Tooled Up Education

Top Tips for Reducing Anxiety Around Fire

If your child feels high levels of anxiety about fire, in a way that isn’t proportionate to their exposure or level of risk, it’s important to encourage them to work through their fear. Here are some effective tips for helping equip children with the skills to navigate anxious thoughts and adopt positive coping strategies.

Helping Children Who Feel Anxious about Fire: A Webinar with Joanna Foster

Joanna Foster is a leading specialist in the field of child-set fires, working with hundreds of London’s most vulnerable children and families. In this webinar, she talks us through how to manage children’s anxiety around fire and how to create a healthy relationship with it. She outlines useful anxiety-reducing strategies and provides some simple and effective ways of building children’s confidence and self-efficacy around fire safety. We’ve included her top tips as written notes for you to read if you are short of time.

Dr Weston Talks with Dr Verity Jones: Climate Change Education, ‘Eco-Anxiety’ and Fast Fashion

Have you ever considered the impact of the climate crisis on young people or really asked how they feel about the constant barrage of bad news that faces them? In this interview, Dr Weston chats with Dr Verity Jones about sustainable futures and education. They talk through optimal ways to discuss issues around climate change with children and young people and outline the things that young people would find helpful. They also discuss the global impact of fast fashion and how our intimate relationship with clothes can be a great way to open up conversations about issues of sustainability. Dr Jones references a vast number of fantastic resources which teaching staff and parents will find useful.

Everyone Gets Stage Fright: A Chat with Dr Anna Colton

Stage fright… everyone gets it. Whether it’s worrying about going on stage, feeling anxious about giving a presentation, nerves before a test or talking to someone in a shop or restaurant. In this webinar, clinical psychologist, Dr Anna Colton, talks us through performance anxiety, exploring how universal this experience is, before going on to provide numerous, practical strategies that can help children, young people and adults. This webinar is great for parents, educators and can also be watched with young people themselves.

Visiting the Dentist: A Video for Children

This video is designed for parents to watch with their young children, particularly when the child feels worried or anxious about having their teeth checked, or is visiting the dentist for the first time. It takes children through an actual dental consultation, all the way from entering the building and talking to the receptionist to saying goodbye and (maybe) getting a sticker. On the way, we explore what happens during the check-up and explain why the dentist uses certain tools. It even features a fun quiz!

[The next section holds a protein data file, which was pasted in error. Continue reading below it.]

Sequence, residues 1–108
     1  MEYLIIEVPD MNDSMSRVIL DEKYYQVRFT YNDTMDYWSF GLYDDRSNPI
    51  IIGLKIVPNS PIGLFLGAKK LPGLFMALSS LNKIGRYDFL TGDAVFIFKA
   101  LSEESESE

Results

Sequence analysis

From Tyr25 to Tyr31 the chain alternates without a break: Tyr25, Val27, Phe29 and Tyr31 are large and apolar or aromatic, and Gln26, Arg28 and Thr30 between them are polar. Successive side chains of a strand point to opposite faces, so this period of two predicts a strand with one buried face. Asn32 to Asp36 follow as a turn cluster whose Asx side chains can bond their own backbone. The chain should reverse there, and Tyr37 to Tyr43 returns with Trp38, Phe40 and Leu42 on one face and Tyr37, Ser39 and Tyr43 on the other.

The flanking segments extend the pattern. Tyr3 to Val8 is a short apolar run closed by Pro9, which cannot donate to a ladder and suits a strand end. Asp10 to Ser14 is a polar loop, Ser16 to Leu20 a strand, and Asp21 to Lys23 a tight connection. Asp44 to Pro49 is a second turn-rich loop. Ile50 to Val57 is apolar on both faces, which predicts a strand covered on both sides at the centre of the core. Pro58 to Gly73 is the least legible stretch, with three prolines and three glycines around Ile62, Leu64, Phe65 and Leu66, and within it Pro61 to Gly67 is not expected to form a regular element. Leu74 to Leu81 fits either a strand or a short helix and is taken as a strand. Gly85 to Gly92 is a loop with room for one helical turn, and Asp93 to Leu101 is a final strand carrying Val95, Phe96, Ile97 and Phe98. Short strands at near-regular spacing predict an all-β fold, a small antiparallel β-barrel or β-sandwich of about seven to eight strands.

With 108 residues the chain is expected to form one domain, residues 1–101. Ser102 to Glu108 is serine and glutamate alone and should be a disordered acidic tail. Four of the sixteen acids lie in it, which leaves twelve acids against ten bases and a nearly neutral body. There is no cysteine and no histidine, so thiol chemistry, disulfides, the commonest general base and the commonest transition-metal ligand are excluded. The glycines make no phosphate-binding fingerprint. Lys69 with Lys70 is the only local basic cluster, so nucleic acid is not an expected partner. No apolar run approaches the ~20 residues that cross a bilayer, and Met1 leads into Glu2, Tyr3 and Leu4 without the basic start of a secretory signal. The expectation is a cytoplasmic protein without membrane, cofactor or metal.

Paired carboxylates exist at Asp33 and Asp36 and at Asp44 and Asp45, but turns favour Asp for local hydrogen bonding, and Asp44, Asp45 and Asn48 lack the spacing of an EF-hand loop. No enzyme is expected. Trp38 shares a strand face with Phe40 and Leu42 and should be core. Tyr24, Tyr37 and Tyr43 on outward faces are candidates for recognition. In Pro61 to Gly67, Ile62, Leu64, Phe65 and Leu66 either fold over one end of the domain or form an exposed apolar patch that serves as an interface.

A Quick Guide to Anxiety (and Relevant Tooled Up Resources)

Anxiety and depression are the most common mental health problems in adolescents. We know that 7-8% of children in the UK meet diagnostic criteria for an anxiety disorder, with prevalence increasing as they get older, and that it’s more common in teenage girls than teenage boys. We’ve put together a quick guide, extracting the most important things that parents need to know from current research, focusing on practical things you can do to help children navigate anxiety generally and letting you know where you can find more advice and information in the Tooled Up library.

How Does Speaking in Front of Others Make Me Feel?

The ability to speak well in front of an audience is an amazing skill to develop. But it can also feel very scary, especially if you haven’t had much experience. This activity can help nervous young people to reflect on how they feel about speaking in front of others and identify some things that might help them to feel more prepared and confident.

Multidimensional Test Anxiety Scale (MTAS)

This short questionnaire, devised by Professor David Putwain and colleagues, was developed to measure test or examination anxiety in populations of secondary school students, aged 11 to 19 years. It is intended for use by school practitioners (such as teachers, school pastoral and support staff, educational and school psychologists, and school counsellors) and others who wish to identify highly test anxious students who may benefit from support or intervention, or to evaluate changes in test anxiety before and after intervention.